But with the Butch Jones Death Watch at the edge of the cliff, it would be awesome to see the Golden Eagles give the final push. I think they’ll do it.

LINE: Tennessee by 5.5. SOUTHERN MISS, PROBABLY OUTRIGHT

TEXAS-SAN ANTONIO (5-2, 2-2) at FLORIDA INTERNATIONAL (5-2, 3-1), 7 p.m.
TV: Stadium

As much as I like the Roadrunners, they have a Marshall-like problem with their resume. Of their five victories, only one has come against a team with a winning record, and that’s Southern. The four FBS victims are a combined 2-29.

Yeee-ouch!

But their two losses are to Southern Miss and North Texas, both in game that went to the final minute. If this team has the character I think it does, it will turn that into a positive against an FIU team that might take a step back after two really good wins.

Besides, QB Dalton Sturm (2 picks all season) won’t turn it over. At all.

LINE: UTSA by 4. UTSA

NORTH TEXAS (5-3, 4-1) at LOUISIANA TECH (4-4, 2-2), 3:30 p.m.
TV: Stadium via Facebook

In full desperation mode, the Bulldogs didn’t inspire confidence by needing a touchdown with a minute left to beat Rice. (The score was 42-28, thanks to a late “pick-six” return.)

Meanwhile, the Mean Green was in full hangover mode last week after its 69-31 pummeling by Florida Atlantic, struggling with Old Dominion at home. The defense woke up in the fourth quarter, making three fourth-and-1 stops to secure a 45-38 victory.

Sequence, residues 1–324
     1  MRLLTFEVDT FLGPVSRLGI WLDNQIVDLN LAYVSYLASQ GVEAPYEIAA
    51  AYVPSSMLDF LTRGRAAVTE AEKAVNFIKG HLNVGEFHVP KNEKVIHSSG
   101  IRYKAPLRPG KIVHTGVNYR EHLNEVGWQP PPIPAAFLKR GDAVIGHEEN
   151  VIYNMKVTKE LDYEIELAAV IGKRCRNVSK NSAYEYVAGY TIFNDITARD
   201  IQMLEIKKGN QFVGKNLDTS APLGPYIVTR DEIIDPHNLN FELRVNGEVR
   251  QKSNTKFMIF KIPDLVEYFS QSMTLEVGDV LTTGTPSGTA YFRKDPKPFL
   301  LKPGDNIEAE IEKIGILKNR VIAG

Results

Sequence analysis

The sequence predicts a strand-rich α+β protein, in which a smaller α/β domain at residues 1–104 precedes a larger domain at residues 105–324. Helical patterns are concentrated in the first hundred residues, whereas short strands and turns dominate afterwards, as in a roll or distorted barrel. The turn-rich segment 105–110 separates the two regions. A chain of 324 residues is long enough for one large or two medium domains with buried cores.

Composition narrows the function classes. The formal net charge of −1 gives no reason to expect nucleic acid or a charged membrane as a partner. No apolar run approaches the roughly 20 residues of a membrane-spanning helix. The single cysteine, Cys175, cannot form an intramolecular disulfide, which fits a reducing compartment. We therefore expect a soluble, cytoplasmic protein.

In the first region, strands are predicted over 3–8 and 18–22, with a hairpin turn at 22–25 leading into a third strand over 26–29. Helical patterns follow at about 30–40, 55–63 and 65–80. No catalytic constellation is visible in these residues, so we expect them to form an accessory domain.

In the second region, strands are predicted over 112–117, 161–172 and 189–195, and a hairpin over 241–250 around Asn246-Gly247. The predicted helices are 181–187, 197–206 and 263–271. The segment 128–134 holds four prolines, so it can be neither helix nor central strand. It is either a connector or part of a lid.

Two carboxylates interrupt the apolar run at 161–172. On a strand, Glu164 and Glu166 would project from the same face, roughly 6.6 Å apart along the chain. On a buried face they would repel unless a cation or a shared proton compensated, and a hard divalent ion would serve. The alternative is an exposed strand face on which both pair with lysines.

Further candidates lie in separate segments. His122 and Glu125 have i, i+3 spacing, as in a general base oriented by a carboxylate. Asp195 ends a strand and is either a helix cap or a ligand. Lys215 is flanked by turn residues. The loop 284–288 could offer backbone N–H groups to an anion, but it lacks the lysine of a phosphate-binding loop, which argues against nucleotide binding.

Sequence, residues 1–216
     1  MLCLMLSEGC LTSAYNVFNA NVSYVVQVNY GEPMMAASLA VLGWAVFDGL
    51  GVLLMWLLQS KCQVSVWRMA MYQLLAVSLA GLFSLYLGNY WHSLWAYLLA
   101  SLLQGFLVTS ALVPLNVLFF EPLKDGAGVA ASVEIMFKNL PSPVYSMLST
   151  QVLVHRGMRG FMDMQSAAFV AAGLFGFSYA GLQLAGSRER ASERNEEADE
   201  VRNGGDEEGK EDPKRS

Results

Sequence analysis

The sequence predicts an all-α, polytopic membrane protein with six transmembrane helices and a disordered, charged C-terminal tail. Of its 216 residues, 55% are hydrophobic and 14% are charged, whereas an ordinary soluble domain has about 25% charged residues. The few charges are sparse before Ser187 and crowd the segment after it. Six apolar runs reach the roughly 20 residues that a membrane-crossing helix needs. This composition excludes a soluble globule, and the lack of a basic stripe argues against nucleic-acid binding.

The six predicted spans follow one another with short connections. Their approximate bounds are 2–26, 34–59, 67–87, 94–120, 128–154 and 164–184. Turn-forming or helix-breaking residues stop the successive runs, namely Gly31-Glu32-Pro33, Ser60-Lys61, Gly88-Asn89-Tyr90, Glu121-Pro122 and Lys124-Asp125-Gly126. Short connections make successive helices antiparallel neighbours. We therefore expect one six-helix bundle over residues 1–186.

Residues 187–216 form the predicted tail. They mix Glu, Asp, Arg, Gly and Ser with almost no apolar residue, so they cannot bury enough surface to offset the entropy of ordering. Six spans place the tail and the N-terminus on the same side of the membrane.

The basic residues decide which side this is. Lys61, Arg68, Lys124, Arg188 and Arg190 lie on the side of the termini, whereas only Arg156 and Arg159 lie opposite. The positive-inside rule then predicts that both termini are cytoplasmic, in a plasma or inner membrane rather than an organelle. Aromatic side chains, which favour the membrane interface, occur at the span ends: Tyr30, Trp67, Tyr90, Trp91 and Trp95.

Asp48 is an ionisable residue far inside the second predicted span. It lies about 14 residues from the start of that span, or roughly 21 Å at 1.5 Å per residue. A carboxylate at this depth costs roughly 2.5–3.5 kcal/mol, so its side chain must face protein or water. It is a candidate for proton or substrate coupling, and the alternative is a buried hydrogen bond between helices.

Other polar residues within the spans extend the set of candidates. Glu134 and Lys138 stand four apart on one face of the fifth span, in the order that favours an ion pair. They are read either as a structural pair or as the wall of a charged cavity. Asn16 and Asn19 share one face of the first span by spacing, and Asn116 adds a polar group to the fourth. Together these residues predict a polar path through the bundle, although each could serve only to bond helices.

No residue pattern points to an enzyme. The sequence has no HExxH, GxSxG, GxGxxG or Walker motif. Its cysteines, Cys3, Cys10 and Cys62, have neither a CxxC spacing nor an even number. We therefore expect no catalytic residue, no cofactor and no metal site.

The Bulldogs’ offense is a weeeee little better than that of the Monarchs. I smell a possible 90-point game here.

LINE: La Tech by 3.5. LA TECH

WESTERN KENTUCKY (5-3) at VANDERBILT, noon
TV: ESPNU

What, the Commodores are applying to enter Conference USA? Well, they do occupy the geographical middle ground in the “100 Miles of Hate.”

Vandy held Middle Tennessee (with Brent Stockstill), to 215 total yards, but we know that’s not as impressive as it would be to limit WKU that low. Surely, the Hilltoppers can do better than that.

Then again, as their fourth-quarter performance against Florida Atlantic showed, these Hilltoppers are tough bunch to figure.

LINE: Vanderbilt by 11.5. WKU TO COVER

RICE (1-7, 1-3) at ALABAMA-BIRMINGHAM (5-3, 3-2), 3 p.m.
TV: CUSA.tv

The best nickname I have seen for UAB: “College football’s favorite zombies.” This once-dead program has two near-gimme shots to clinch bowl eligibility, this one and the season finale against UTEP.

And apparently, Spencer Brown is all that and more. He has 615 rushing yards in his last four games.

LINE: UAB by 11.5. RICE TO COVER, SOMEHOW

CHARLOTTE (1-7, 1-3) at OLD DOMINION (2-6, 0-4), 3:30 p.m.
TV: ESPN3

The Monarchs don’t have UTEP on the schedule, so the 49ers and Rice (in two weeks) will have to do for their shot at a conference win.

LINE: ODU by 8.5. CHARLOTTE TO COVER

TEXAS-EL PASO (0-8, 0-4) at MIDDLE TENNESSEE (3-5, 1-3), 7:30 p.m.
TV: beIN Sports

You think MTSU’s crowd for Marshall was small? A November night game against UTEP is cruel and unusual punishment.

Brent Stockstill is having an MRI this week, and his dad/coach is holding onto hope he can come and rescue the season. My hunch: He can’t come back the rest of the season, and the Blue Raiders are falling short of six wins.

But this week, the Raiders will get win No. 4 with anybody behind center.

LINE: MTSU by 18. MTSU

Last week: 4-1
Season: 35-27

Standings

East: Marshall, FAU 4-0, FIU, Marshall 3-1, WKU 3-2, MTSU, Charlotte 1-3, Old Dominion 0-4.
West: North Texas 4-1, UAB, Southern Miss 3-2, UTSA, Louisiana Tech 2-2, Rice 1-3, UTEP 0-4.
Bowl eligible: Marshall (6-2). On verge: Southern Miss (5-2), WKU (5-2), FAU (5-3), FIU (5-2), North Texas (5-3), UAB (5-3), UTSA (5-2)
Eliminated: UTEP, Charlotte, Rice. On verge: Old Dominion (2-6).

Stat leaders

Rushing yards: Devin Singletary, FAU, 1,053; Spencer Brown, UAB, 909; Jeffery Wilson, NT, 834. (Marshall: Keion Davis 8th, 518.)